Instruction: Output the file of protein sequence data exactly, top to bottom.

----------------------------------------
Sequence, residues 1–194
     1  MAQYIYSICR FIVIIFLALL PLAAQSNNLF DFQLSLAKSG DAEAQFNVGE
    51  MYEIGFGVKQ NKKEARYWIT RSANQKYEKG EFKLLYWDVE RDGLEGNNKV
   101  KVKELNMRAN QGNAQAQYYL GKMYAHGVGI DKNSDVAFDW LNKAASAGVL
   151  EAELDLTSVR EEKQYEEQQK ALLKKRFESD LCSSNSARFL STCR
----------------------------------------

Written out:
Sequence, residues 1–194
     1  MAQYIYSICR FIVIIFLALL PLAAQSNNLF DFQLSLAKSG DAEAQFNVGE
    51  MYEIGFGVKQ NKKEARYWIT RSANQKYEKG EFKLLYWDVE RDGLEGNNKV
   101  KVKELNMRAN QGNAQAQYYL GKMYAHGVGI DKNSDVAFDW LNKAASAGVL
   151  EAELDLTSVR EEKQYEEQQK ALLKKRFESD LCSSNSARFL STCR